The difference here being that the Marston Vale line is open, level crossings and all. The part of EWR Western section 2 that is new is being constructed without level crossings (and there were several before it closed).

The BCR for Wisbech – Cambridge 2tph, with Town Centre station is 2.3

Indeed. Based on a capital cost of £99m, and an annual operating cost of £2.5m. As we know the former is out by a factor of two, and does not take into account any work necessary between March and Cambridge to enable the service (of which there would be much, leaving aside the Ely issues). The operating cost is also out, probably by a similar factor. I estimate that just operating a shuttle between March and Wisbech is going to cost £2m a year before you maintain the infrastructure.

One way is by reintroducing the train service. But if you're going to insist it has to be a road vehicle, then a non-stop coach that doesn't divert into every passing village is going to be the absolute minimum needed. And if it's only going as far as March railway station, it needs to be timed for connections and be very reliable too. Maybe the railway should operate it (and not sub contract to the cheapest coach operator in the area).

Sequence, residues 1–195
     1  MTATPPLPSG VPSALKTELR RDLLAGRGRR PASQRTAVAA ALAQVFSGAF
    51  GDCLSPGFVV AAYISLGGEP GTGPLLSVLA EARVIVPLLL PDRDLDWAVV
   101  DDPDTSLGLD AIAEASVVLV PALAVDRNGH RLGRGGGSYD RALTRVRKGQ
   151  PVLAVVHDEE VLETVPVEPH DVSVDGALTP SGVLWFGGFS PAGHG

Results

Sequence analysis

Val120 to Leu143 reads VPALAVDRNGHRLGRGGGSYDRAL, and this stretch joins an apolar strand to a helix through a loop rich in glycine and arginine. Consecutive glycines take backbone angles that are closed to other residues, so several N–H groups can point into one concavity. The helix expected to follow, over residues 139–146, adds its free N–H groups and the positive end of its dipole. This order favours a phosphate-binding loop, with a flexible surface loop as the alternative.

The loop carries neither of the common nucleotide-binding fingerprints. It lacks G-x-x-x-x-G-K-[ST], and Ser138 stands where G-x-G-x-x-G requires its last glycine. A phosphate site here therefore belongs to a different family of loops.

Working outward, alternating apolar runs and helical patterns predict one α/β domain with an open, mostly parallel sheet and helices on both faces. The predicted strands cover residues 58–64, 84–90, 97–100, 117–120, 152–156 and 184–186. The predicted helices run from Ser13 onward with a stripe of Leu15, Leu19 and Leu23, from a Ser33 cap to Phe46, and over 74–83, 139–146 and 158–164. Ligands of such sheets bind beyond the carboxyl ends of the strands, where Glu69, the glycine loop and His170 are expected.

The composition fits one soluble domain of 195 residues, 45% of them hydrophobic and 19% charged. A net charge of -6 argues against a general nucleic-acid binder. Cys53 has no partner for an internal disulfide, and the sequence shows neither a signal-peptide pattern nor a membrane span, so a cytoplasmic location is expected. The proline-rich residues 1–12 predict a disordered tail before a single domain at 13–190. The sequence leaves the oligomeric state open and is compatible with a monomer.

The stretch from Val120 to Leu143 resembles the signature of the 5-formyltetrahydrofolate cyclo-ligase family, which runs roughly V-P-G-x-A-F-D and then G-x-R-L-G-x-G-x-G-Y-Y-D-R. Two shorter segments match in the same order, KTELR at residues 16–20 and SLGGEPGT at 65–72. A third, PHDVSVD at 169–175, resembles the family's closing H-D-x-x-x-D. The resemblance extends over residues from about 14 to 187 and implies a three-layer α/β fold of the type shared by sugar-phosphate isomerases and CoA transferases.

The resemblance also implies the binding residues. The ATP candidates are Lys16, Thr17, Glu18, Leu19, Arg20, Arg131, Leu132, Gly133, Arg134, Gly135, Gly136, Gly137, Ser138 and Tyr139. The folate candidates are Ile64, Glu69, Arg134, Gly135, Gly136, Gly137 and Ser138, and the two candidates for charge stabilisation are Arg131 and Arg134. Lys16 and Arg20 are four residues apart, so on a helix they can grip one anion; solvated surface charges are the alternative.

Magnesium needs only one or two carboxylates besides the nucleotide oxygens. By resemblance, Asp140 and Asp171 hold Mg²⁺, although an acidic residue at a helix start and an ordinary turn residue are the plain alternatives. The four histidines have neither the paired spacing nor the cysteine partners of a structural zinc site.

Which is precisely what I was suggesting. Non-stop, 4 high quality* buses an hour, through ticketing. It’s not hard to do.

* WiFi, USB, air con, comfortable seats, free bacon sandwiches first Monday of the month.
 
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6Gman

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Well, why would you expect a 75mph branch line to be built to the same standard as a new high speed one ? And if the rule is no level crossings, then that's the same standard in terms of level crossings as a new high speed line.

It's ludicrous.

Also, if an old church falls into dereliction, then someone does it up again, they're not expected to demolish and rebuild the fabric of the building from scratch - the old walls and roof effectively have 'grandfather rights', yet when reinstating a railway line, we have to build it as new. It's ludicrous.

When it comes to having an open mind about new routes, I wouldn't trust NR as far as I could throw it.

My understanding is that although the walls and (possibly) the roof might have grandfather rights the interior and the exterior, where relevant, would need to meet modern building standards for safety.

I have recently been involved with a Listed Building, converted to apartments some years ago, which suffered a severe fire. The intention is to rebuild - but it has been made clear that the apartments will need to reach current safety standards, not those which applied pre-fire or at the time of their previous conversion.
 

158756